Following Pierre Levegh’s tragic crash, the Fangio/Moss Mercedes-Benz took the lead from the Hawthorn/Bueb Jaguar, the Maglioli/Hill Ferrari was in third place, while the Musso/Valenzano Maserati was up to 6th position. Unfortunately the #15 Maserati was already languishing at the back of the field and would retire in the coming hours.

Just after 2 am, the two remaining Mercedes-Benz were flagged in and withdrawn following a decision by the directors of Daimler-Benz. The two Mercedes had been running in 1st and 3rd before their withdrawal, which elevated the #16 Maserati to 3rd position. Two hours later, the Maserati inherited an unlikely 2nd position when the #7 Jaguar ran into gearbox problems.

Over the next 7 hours, the #16 Maserati circulated in a steady 2nd place, although the #23 Aston Martin in 3rd was often on the same lap and never far behind.


Throughout the morning the rain drizzled down, often having spasms of a downpour. Around mid-morning the clutch went on the #16 Maserati and it too was out, leaving the #23 Aston Martin of Collins and Frere to inherit second place, which it held to the end of the race.



Car : 1955 #16 Maserati A6 GCS
Team : Officine Alfieri Maserati
Drivers : Luigi Musso (I)/ Luigi 'Gino' Valenzano (I)
Qualifying : 14th
Result : 22th (DNF - Clutch)
Model : Faenza (F43/161)

#105 jj2728

  • Member

  • 2,943 posts
  • Joined: January 04

Posted 10 May 2019 - 18:51

Nice model and as usual a great write up Ian.



#106 Jager

  • Member

  • 415 posts
  • Joined: October 06

Posted 17 May 2019 - 11:41

Thanks John. I appreciate you taking the time to comment.

#107 Jager

  • Member

  • 415 posts
  • Joined: October 06

Posted 17 May 2019 - 11:51

On to another unusual addition, a Sunbeam Alpine from Pinko. To date the Pinko model is the only example of this unusual coupe and while the wheels seem a little oversized, that is probably easily rectified with a wheels swap.

In 1961, Sunbeam displayed a special coupe built by Sussex-based coachbuilder Thomas Harrington & Sons Ltd at the London Motor Show. Subsequently, Sunbeam commissioned this purpose-built coupe based on the Harrington special specifically for competition at the 1961 24 Hours of Le Mans.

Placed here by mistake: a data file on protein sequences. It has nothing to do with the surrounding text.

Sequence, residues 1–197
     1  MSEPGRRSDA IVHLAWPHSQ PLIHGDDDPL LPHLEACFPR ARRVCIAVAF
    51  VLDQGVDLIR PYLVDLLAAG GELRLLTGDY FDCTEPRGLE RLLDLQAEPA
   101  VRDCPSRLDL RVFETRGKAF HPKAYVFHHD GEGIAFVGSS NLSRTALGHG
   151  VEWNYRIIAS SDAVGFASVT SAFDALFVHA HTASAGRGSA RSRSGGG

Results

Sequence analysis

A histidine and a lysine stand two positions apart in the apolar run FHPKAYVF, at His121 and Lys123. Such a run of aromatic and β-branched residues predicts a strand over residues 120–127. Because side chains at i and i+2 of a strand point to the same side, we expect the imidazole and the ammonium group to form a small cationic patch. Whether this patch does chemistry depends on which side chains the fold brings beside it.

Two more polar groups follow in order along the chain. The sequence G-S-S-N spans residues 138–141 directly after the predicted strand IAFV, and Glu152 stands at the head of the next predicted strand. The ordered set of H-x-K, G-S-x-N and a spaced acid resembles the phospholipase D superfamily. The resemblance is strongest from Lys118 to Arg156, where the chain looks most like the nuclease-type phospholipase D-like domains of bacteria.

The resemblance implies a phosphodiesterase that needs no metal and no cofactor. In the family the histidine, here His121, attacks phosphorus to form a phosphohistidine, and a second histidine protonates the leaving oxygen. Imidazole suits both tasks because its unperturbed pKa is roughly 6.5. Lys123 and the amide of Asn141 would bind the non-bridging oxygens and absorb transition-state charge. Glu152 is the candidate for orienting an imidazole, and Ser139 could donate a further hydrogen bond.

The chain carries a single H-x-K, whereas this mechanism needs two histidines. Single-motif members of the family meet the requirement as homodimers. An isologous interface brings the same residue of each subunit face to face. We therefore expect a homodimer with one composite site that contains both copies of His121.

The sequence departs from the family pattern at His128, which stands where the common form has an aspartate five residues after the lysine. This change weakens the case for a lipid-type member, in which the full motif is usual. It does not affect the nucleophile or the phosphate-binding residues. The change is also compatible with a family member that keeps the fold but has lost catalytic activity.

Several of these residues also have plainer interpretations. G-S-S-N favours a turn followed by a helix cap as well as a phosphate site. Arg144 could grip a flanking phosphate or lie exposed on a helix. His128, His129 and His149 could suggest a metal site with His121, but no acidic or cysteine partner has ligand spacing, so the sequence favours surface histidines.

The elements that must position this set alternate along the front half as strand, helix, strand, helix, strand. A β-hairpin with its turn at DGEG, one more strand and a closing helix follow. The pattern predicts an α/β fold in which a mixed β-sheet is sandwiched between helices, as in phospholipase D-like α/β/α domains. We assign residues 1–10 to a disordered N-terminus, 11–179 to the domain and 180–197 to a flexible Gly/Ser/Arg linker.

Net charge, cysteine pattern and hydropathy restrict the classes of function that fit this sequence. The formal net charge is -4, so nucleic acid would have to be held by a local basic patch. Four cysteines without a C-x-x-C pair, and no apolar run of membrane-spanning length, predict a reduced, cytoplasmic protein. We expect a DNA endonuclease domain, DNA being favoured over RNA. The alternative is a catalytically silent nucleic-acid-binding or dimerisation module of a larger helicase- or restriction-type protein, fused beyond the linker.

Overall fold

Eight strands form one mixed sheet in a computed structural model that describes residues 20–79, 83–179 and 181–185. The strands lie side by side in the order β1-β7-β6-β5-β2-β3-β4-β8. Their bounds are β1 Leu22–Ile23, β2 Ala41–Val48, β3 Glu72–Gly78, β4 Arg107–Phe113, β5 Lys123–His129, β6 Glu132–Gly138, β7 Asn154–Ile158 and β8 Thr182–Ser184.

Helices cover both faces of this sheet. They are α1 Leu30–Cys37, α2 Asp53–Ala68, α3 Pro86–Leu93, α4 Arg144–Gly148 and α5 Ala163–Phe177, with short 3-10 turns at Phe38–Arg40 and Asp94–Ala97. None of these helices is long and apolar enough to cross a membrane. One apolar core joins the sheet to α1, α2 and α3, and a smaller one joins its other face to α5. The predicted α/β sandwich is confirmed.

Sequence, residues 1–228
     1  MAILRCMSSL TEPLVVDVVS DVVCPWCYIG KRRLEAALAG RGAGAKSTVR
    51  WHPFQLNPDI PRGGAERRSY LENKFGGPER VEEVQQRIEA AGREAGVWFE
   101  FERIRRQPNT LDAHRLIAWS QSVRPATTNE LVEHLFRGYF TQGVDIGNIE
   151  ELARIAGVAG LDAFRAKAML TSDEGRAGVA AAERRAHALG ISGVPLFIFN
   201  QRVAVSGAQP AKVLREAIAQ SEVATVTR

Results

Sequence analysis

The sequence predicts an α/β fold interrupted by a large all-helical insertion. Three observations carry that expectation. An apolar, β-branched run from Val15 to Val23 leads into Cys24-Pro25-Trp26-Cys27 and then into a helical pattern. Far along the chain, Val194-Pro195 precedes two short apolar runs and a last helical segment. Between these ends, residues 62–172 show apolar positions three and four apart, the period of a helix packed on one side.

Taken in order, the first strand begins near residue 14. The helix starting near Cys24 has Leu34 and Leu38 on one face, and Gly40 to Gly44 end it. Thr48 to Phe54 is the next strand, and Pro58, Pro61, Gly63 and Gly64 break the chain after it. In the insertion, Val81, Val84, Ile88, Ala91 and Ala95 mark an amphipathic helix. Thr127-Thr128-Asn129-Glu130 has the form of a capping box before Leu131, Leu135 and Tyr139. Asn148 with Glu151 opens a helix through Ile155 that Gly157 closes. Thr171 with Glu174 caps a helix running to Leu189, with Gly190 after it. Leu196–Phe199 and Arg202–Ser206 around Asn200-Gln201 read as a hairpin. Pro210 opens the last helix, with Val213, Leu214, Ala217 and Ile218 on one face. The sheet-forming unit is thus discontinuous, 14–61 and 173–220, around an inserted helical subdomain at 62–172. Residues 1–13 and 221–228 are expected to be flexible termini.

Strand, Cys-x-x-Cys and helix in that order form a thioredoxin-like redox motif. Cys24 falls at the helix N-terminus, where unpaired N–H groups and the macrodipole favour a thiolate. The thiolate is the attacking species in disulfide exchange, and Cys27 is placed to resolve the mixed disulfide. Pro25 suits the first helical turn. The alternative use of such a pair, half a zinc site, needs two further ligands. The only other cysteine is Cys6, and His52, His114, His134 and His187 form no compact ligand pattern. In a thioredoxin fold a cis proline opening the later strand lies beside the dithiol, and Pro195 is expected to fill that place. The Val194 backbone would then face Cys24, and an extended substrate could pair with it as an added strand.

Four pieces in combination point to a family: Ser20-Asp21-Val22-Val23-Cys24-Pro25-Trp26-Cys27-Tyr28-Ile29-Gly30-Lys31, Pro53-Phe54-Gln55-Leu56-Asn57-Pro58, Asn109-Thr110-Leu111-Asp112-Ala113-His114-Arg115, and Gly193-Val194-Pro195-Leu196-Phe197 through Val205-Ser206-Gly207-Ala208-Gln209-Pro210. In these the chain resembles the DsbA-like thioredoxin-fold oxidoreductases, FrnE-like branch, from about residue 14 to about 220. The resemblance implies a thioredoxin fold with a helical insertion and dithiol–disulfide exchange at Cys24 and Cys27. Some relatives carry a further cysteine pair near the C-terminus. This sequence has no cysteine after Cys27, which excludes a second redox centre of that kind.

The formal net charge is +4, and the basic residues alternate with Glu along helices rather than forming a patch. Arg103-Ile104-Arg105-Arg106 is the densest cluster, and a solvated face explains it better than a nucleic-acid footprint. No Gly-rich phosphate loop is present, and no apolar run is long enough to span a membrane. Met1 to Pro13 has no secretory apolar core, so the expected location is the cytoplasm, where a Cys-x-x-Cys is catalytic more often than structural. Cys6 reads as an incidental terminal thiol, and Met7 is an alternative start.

Originally registered 3000 RW, the car received an aerodynamic frontal treatment with covered headlamps in addition to the special Harrington coupe bodywork as Sunbeam’s “works” entry at the 1961 24 Hours of Le Mans.

The Sunbeam was entered at Le Mans for Peter Harper and Peter Procter. It started from 32nd position, and ran faultlessly for 24 hours. After 6 hours it was up to 31st position and by the midpoint of the race it was running in 24th position. At the 18 hour mark the #34 Sunbeam was up to 21st position and it eventually finished in 16th place after covering 2,194 miles at an average speed of over 91 mph. It finished second in class behind a Porsche, winning the Index of Thermal Efficiency.




After Le Mans, Sunbeam arranged a limited-production run off 250 Sunbeam Harrington Le Mans road cars. 3000 RW was also converted for road use, then disappeared for 15 years.

It was finally tracked down some 15 years later by Clive Harrington, the son of Clifford Harrington, its original creator. It was found in remarkably complete condition, and eventually restored to period specification.






Car : 1961 #34 Sunbeam Alpine 'Harrington' Coupe
Team : Sunbeam Talbot
Drivers : Peter Harper (GB)/ Peter Procter (GB)
Qualifying : 32nd
Result : 16th (2nd in Class)
Model : Pinko (PIN224)

References :


https://www.racingsp...e/3000 RW#.html






#108 Tim Murray

Tim Murray
  • Moderator

  • 22,348 posts
  • Joined: May 02

Posted 17 May 2019 - 12:12

Here’s an earlier thread on the car. It includes contributions from Justin ‘jph’ Harrington, a member of the coachbuilding family:

Sunbeam Harrington Alpine, Le Mans 1961

#109 ensign14

  • Member

  • 49,803 posts
  • Joined: December 01

Posted 17 May 2019 - 19:58

A rather nice Harrington dressed as a NART Ferrari at Goodwood in 2015...



#110 Jager

  • Member

  • 415 posts
  • Joined: October 06

Posted 24 May 2019 - 11:58

Continuing with the theme of quirky Le Mans cars, here's another from niche producer CCC.

Deutsch and Bonnet had a long history at Le Mans which started when they competed at the first post-war race in 1949. The D.B. HBR series first appeared in 1953, designed specifically for small displacement, long distance competition like Le Mans. Cars equipped with the 745 cc Panhard engines were designated the "HBR4", to reflect that they were in the 4CV (horsepower) category of the French taxation system, while the bigger engined 900cc cars were in the 5CV tax category and hence became the “HBR5”. One of the HBR's best outings was at the 1954 Le Mans, where René Bonnet himself together with Élie Bayol finished tenth overall.